The failure of the lebanese politicians to agree on a new electoral law for parliamentary elections has prompted the Future Movement parliamentary bloc to make preparations to submit candidates for the upcoming elections based on the 1960 electoral law, according to a report by the An Nahar newspaper on Saturday.
According to An Nahar sources this is a preemptive move by the Future Movement to thwart rival candidates, who have already submitted their candidacies, from winning uncontested.
This development comes after Caretaker Interior Minister Marwan Charbel said that given that the political blocs have so far failed in reaching an agreement over a new electoral law, the one that was adopted during the previous elections, the 1960 law, would still be active and candidates would be eligible to submit their candidacies based on it.
He added that preparations to stage the elections, which are scheduled for June 16, are underway according to the previous law.
The the Future Movement sources reiterated to An Nahar the bloc’s rejection of the Orthodox Gathering and 1960 electoral law, but stressed that the move is aimed at averting uncontested victories, since several politicians have already submitted applications under the old law.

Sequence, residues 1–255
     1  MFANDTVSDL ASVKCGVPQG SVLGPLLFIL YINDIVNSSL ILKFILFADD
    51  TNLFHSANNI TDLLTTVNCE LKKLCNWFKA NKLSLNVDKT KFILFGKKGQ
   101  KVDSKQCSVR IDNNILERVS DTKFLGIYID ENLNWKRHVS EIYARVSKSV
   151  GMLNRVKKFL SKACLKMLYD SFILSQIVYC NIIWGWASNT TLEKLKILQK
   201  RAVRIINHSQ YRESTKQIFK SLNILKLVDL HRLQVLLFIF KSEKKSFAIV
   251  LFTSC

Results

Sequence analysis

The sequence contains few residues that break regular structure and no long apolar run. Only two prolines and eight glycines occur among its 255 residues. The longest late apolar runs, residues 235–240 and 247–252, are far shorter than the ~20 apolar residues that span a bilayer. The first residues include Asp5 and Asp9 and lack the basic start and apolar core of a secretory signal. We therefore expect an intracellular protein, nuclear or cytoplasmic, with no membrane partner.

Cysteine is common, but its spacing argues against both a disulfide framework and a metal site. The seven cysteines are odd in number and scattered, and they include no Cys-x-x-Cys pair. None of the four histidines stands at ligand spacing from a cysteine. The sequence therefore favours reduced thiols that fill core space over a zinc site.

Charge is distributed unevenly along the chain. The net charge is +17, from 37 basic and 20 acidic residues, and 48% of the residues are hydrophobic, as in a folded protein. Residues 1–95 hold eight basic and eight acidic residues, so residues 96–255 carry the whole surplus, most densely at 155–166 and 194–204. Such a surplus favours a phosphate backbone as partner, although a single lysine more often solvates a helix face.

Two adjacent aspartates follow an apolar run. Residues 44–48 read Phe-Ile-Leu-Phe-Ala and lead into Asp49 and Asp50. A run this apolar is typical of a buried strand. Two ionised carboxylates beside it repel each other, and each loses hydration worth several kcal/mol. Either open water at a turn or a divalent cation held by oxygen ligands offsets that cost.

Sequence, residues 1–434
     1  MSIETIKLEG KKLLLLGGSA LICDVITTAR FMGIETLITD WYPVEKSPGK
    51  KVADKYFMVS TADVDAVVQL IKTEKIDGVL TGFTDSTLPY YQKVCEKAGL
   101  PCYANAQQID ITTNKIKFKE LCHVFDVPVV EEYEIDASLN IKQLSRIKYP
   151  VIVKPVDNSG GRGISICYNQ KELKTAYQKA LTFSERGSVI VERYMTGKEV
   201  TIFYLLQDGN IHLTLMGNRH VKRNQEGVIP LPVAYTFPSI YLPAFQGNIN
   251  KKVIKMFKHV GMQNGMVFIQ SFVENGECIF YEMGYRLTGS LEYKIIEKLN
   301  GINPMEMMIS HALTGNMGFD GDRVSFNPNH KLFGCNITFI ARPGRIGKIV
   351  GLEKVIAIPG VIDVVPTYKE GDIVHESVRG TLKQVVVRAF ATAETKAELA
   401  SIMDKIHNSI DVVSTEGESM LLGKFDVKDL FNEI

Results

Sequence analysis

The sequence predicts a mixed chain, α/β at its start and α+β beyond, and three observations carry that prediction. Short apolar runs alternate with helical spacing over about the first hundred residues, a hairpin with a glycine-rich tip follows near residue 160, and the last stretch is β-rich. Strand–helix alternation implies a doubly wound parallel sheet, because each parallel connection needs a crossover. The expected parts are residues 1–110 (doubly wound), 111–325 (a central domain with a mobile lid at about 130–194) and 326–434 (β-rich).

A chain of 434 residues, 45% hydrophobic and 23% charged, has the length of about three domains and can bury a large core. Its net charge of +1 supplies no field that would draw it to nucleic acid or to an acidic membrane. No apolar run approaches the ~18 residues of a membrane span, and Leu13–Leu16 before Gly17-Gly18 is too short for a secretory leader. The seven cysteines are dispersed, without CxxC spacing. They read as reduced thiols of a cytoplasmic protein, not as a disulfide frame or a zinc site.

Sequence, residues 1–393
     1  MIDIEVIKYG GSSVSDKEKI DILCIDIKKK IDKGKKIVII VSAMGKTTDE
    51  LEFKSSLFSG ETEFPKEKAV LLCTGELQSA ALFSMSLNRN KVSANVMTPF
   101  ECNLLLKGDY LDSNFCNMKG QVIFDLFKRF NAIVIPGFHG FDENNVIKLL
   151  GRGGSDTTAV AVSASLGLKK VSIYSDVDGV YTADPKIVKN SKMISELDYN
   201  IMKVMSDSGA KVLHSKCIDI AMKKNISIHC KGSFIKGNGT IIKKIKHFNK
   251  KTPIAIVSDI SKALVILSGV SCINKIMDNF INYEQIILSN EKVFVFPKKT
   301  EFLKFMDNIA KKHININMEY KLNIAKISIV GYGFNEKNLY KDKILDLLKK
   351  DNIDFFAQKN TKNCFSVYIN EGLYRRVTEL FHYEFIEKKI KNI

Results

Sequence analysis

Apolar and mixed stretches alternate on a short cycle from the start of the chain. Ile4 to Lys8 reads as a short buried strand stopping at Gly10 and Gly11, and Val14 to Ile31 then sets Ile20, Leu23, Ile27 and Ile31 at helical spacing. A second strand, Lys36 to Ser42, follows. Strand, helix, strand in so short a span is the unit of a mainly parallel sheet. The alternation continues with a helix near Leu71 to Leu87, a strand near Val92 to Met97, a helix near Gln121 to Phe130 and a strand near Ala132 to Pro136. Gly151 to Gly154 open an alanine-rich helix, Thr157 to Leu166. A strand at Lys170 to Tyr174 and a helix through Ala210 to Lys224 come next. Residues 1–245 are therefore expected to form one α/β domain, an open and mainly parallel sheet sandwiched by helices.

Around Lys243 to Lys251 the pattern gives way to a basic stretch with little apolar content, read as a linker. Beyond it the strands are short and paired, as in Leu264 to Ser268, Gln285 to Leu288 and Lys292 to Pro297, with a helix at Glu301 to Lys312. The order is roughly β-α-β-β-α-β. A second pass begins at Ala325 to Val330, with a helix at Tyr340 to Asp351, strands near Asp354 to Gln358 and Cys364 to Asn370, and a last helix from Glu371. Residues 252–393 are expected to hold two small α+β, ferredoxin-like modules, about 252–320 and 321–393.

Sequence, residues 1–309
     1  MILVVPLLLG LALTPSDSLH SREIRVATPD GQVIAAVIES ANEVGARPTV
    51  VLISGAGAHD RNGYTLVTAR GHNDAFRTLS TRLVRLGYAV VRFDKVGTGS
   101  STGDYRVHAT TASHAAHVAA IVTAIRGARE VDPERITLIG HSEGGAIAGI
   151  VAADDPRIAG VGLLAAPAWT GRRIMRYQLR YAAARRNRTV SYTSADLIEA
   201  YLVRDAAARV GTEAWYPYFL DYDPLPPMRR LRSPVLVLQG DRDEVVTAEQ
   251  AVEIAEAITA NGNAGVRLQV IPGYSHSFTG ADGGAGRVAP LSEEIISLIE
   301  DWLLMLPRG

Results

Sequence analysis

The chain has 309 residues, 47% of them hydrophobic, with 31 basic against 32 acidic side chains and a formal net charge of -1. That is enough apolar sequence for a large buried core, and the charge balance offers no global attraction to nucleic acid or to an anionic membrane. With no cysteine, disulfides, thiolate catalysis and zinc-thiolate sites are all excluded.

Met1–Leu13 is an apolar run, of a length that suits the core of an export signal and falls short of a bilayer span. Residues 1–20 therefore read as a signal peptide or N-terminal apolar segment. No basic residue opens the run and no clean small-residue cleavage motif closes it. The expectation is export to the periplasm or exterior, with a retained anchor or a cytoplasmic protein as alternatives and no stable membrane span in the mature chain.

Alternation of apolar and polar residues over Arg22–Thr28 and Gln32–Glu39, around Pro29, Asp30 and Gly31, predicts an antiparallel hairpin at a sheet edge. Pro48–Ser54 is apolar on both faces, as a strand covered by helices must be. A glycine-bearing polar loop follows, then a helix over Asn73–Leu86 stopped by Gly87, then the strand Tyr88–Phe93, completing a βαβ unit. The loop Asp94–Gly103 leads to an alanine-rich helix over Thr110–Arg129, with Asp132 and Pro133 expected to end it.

The Orthodox Gathering law which was pronounced dead last Wednesday was rejected by President Michel Suleiman, caretaker Prime Minister Najib Miqati, the Future Movement, MP Walid Jumblat’s National Struggle Front, and independent Christian March 14 MPs.
Its death came about after the Lebanese Forces and the Future , backed by NSF agreed on a hybrid law that combines the winner takes all majoritarian system and proportional representation. This draf law was also rejected by the Hezbollah-led March 8 opposition.
The failure to reach an agreement over a new electoral law is threatening to postpone the elections and the extension of the term of the current parliament, a move that is opposed by the president and several politicians.
Update :The Lebanese Forces and PSP also decided to to submit applications for parliamentary candidatures based on the 1960 law, according to LF MP George Adwan, LBC reported